But the U.S. forces -- the commander said they were prepared. They said they had well-trained forces with the appropriate protective gear.
Now, let me tell you, we spend more money on intelligence than any -- than all the countries in the world put together, and more on intelligence than most country's GDP. And when they say, "It's a world intelligence failure," it's a U.S. intelligence failure. It's a U.S. failure, and it's a failure in the way the intelligence was used.
I've been visiting our wounded troops in Bethesda and Walter Reed, as some of you know, almost every week since the beginning of the war. And what demoralizes them is not the criticism. What demoralizes them is going to war with not enough troops and equipment to make the transition to peace.
The devastation caused by IEDs is what they're concerned about. Being deployed to Iraq when their homes have been ravaged by hurricanes -- you've seen these stories about some of the people whose homes were destroyed and they were deployed to Iraq after it. Being on their second or third deployment, leaving their families behind without a network of support.
The threat by terrorism is real, but we have other threats that cannot be ignored. We must prepare to face all these threats.
The future of our military is at risk. Our military and our families are stretched thin.
Many say the Army is broken. Some of our troops are on a third deployment. Recruitment is down even as the military has lowed its standards. They expect to take 20 percent category 4, which is the lowest category, which they said they'd never take. They have been forced to do that to try to meet a reduced quota.
Defense budgets are being cut. Personnel costs are skyrocketing, particularly in health care. Choices will have to be made. We cannot allow promises we have made to our military families in terms of service benefits, in terms of their health care to be negotiated away. Procurement programs that ensure our military dominance cannot be negotiated away. We must be prepared.
The war in Iraq has caused huge shortfalls in our bases at home. I've been to three bases in the United States, and each one of them were short of things they need to train the people going to Iraq.
MURTHA: Much of our ground equipment is worn out. And I've told the CEOs of big companies, "You better get in the business of rehabilitating equipment because we're not going to be able to buy any new equipment because the money's not going to be there."
George Washington said, "To be prepared for war is one of the most effective means of preserving peace."
We don't want somebody to miscalculate down the road. It takes us 18 years to put a weapons system in the arsenal. And I don't know what the threat is -- nobody knows what the threat is -- but we better make sure we have what's necessary to preserve our peace.
We must rebuild our Army. Our deficit is growing out of control. The director of the Congressional Budget Office recently admitted to being terrified about the deficit in the coming decades.
In other words: Where's the money going to come from for defense? I voted against every tax cut. Every tax cut I voted against. My wife says, "You shouldn't say that." I believed that when we voted for these tax cuts you can't have a war and you can't have a tragedy like we had, the hurricanes, and then not have a huge deficit, which is going to increase interest rates and could cause a real problem.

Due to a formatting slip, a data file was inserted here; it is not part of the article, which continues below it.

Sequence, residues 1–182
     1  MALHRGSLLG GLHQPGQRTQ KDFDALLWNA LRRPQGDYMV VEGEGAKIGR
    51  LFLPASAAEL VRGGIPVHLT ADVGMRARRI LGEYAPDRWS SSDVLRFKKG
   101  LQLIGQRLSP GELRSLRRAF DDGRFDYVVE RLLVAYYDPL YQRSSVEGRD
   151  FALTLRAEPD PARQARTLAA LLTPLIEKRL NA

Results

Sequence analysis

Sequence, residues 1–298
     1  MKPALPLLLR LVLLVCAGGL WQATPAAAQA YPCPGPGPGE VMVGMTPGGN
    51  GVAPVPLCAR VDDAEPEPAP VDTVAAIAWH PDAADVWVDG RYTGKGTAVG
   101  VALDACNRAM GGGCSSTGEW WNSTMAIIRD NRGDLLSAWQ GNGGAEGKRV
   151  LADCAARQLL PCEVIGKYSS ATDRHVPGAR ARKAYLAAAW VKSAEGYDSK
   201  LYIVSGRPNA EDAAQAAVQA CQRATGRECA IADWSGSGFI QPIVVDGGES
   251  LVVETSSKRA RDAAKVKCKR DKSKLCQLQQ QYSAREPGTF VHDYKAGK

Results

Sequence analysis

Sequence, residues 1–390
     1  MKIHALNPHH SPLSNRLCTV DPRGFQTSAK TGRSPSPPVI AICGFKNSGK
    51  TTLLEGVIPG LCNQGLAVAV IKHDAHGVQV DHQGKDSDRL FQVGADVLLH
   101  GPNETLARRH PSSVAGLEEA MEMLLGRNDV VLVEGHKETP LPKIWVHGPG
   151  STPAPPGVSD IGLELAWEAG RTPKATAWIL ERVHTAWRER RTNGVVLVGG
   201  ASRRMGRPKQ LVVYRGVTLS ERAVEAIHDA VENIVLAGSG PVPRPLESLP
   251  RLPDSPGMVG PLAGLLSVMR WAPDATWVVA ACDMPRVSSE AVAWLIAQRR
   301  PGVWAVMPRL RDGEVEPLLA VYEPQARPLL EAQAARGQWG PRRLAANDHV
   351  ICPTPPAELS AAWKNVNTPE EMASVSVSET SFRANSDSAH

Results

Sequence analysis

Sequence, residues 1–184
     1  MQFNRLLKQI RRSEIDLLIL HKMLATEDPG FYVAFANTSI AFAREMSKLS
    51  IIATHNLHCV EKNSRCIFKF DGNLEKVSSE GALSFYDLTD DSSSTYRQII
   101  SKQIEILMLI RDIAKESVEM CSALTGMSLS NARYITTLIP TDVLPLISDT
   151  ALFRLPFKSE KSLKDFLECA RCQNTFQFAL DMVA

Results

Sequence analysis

This is the first prolonged war we've ever fought with three years of tax cuts without full mobilization of American industry and without a draft.
And the college campuses always ask me about a draft. "Are you for a draft?" I say, "Yes, there's only two of us who voted for it, so you don't have to worry too much about it."
The burden of this war has not been shared equally. The military and their families are shouldering the burden.
Our military has been fighting this war in Iraq for over two and a half years. Our military has accomplished its mission and done its duty. Our military captured Saddam Hussein, captured or killed his closest associates, but the war continues to intensify.
Deaths and injuries are growing, and over 2,079 of confirmed American deaths, over 15,500 have been seriously injured -- half of them returned to duty -- and it's estimated over 50,000 will suffer from what I call battle fatigue. And there have been reports at least 30,000 Iraqi civilians have been killed.
I just recently visited Anbar province in Iraq in order to assess the conditions on the ground. And last May -- last May -- we put in the emergency supplemental spending bill Moran amendment, which was accepted in conference, which required the secretary of defense to submit a quarterly report and accurately measure the stability and security in Iraq.
MURTHA: We've now received two reports. So I've just come from Iraq and I've looked at the next report. I'm disturbed by the findings in the key indicator areas.
Oil production and energy production are below prewar level. You remember they said that was going to pay for the war, and it's below prewar level.
Our reconstruction efforts have been crippled by the security situation. Only $9 billion of $18 billion appropriated for reconstruction has been spent.
And I said on the floor of the House, when they passed the $87 billion, the $18 billion was the most important part of it because you've got to get people back to work; you've got electricity; you've got to get water.
Unemployment is 60 percent. Now, they tell you in the United States it's less than that. So it may be 40 percent. But in Iraq, they told me it's 60 percent, when I was there.
Clean water is scarce and they only spent $500 million of the $2.2 billion appropriated for water projects.
And, most importantly -- this is the most important point -- incidents have increased from 150 a week to over 700 in the last year. Instead of attacks going down over a time when we had additional more troops, attacks have grown dramatically. Since the revolution at Abu Ghraib, American casualties have doubled.